Animals on Low Power Mode: Winter Edition


At Earth Rangers, we’re big fans of saving energy but we know that once it gets cold out, it’s very tempting to turn up the heat. Rather than turning it all the way up, we want you to keep it as low as you can to help you save energy.

Not sure how you’re going to be able to survive the cold? Look no further than nature for some inspiration! Check out these animals that power down every winter to save energy.


bumblebee pink flower

When the temperature drops, male and worker bees die off but the queen survives by hibernating. She hibernates in a hole in the soil, in rotten tree stumps or under leaf litter. She will emerge 6-8 months later, warm-up and then find a nice spot to build a nest and create a whole new team of bees.

Garter Snakes

Unlike the bumblebee queen, who hibernates alone, garter snakes hibernate in groups. In Canada, where winters are exceptionally cold, there can be hundreds and sometime thousands of snakes grouped together for warmth. Once spring arrives and the snow melts, they head out of their winter homes to bask in the sun. It’s quite a sight to see!


When bats are left alone, they can be some of the longest hibernators in the animal kingdom. In the wild, big brown bats have spent 64-66 days in hibernation while in captivity one lasted an incredible 344 days! These little guys don’t have to eat but they do wake up to drink. Their heart rate drops from 1000 beats per minute to only 25, and some bats only take a breath every 2 hours.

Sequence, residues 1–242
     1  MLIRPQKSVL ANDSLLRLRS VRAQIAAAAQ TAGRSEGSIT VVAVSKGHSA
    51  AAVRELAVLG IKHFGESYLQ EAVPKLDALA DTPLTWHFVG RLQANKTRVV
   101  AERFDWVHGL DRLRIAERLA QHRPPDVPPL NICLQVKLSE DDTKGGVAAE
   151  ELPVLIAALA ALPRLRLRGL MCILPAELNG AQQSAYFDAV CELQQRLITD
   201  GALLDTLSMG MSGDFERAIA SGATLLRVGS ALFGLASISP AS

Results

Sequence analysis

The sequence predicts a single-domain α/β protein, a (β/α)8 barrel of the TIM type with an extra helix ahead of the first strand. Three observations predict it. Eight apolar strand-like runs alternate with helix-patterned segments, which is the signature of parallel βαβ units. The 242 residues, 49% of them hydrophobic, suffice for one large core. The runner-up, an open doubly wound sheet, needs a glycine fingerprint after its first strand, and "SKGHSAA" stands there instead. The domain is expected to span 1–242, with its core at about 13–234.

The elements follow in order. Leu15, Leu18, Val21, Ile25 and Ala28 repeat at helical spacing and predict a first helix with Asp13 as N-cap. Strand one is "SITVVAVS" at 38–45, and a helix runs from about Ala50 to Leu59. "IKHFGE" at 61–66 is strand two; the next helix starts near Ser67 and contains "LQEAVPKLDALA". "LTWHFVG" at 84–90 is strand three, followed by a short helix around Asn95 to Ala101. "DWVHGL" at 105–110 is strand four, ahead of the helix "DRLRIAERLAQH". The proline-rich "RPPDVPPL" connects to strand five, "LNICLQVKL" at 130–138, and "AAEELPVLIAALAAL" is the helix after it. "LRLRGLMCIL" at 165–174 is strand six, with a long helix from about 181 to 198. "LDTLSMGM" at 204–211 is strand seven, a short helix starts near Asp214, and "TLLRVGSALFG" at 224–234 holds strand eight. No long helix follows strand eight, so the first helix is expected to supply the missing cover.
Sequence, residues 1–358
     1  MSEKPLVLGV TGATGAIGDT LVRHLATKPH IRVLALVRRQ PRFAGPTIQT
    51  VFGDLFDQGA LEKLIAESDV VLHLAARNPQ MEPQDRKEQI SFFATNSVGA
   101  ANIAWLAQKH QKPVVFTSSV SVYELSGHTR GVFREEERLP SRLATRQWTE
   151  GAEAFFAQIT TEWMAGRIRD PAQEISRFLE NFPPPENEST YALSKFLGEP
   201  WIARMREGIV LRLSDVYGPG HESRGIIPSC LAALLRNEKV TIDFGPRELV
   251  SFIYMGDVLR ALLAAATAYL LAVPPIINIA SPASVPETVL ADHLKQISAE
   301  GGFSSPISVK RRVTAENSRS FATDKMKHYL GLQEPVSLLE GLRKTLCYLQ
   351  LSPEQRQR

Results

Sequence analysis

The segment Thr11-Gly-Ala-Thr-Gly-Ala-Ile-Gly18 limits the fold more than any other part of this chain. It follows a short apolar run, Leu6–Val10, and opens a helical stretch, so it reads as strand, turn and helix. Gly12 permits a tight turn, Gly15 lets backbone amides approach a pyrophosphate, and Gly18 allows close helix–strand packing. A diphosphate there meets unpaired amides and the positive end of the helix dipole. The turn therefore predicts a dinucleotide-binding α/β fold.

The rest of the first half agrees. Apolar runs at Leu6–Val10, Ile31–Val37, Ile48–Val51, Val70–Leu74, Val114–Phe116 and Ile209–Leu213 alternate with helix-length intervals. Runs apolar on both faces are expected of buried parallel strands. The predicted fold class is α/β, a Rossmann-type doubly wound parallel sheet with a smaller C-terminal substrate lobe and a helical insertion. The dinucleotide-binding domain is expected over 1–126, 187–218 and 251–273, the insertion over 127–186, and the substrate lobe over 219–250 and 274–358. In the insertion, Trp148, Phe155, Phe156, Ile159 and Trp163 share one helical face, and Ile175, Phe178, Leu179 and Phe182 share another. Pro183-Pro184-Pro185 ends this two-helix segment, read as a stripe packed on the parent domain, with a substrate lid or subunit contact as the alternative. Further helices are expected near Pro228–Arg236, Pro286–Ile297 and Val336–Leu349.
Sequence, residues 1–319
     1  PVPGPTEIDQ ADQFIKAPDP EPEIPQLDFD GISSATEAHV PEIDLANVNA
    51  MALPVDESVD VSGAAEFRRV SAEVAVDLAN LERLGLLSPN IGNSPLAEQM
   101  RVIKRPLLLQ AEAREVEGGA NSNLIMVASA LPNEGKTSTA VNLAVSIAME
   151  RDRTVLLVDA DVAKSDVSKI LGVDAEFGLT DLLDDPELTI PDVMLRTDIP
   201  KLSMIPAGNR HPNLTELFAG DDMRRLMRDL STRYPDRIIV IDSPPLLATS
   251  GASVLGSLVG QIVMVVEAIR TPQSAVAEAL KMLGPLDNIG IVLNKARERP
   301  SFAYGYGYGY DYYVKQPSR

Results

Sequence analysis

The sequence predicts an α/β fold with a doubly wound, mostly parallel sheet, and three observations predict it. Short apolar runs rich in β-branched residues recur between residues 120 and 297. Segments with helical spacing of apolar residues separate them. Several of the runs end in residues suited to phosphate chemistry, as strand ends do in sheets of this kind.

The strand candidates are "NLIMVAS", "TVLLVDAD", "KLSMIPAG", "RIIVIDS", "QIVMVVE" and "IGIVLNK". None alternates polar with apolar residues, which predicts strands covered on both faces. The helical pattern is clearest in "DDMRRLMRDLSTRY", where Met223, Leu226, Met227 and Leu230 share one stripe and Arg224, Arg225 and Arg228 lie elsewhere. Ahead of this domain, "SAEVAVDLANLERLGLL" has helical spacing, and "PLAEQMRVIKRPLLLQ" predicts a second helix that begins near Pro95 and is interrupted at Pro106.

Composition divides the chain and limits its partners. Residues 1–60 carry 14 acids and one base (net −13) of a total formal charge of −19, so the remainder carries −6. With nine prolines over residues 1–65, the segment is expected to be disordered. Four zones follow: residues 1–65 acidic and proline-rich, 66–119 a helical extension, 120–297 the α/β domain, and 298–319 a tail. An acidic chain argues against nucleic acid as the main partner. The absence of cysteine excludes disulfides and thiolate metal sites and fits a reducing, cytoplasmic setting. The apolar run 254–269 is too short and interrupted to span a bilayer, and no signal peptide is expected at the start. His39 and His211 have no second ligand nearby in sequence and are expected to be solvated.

Only four species of bear hibernate: American black bear, Asiatic black bear, brown bear and polar bear. These furry mammals don’t hibernate in the true sense because their body temperature only drops a little bit and they can wake up at any moment. During hibernation a black bear’s heart can drop from 40-50 beats to 8 beats per minute and they can last as long as 100 days without eating or drinking!

Alpine Marmot

Alpine marmot

Marmots hibernate for up to 8 months! They spend the four months they are awake having babies and preparing for the next hibernation. During hibernation they take only 2-3 breaths a minute and their heartbeat slows down from their normal 120 beats to 3-4 beats a minute!

Just like the animals we looked at in the summer, the animals on this list take being energy efficient to a whole new level! The survival of many animals and plants depends on their ability to only use energy when they need it. The same is true for us humans—the better we are at using the energy in our homes wisely, the healthier our planet will be.

Be inspired by these energy-saving animals and go save energy at home!

Generously sponsored by:

Burger, Joanna. Whispers in the pines. Rutgers University Press, 2006-03-20: Page 217.
Carwardine, Mark. Animal Records. New York, NY: Sterling Publishing Company, Inc., 2008: Page 29-30.
Robinson, William H. Handbook of urban insects and arachnids. Cambridge University Press, 2005: Page 229.
Roots, Clive. Hibernation. Page 127-128.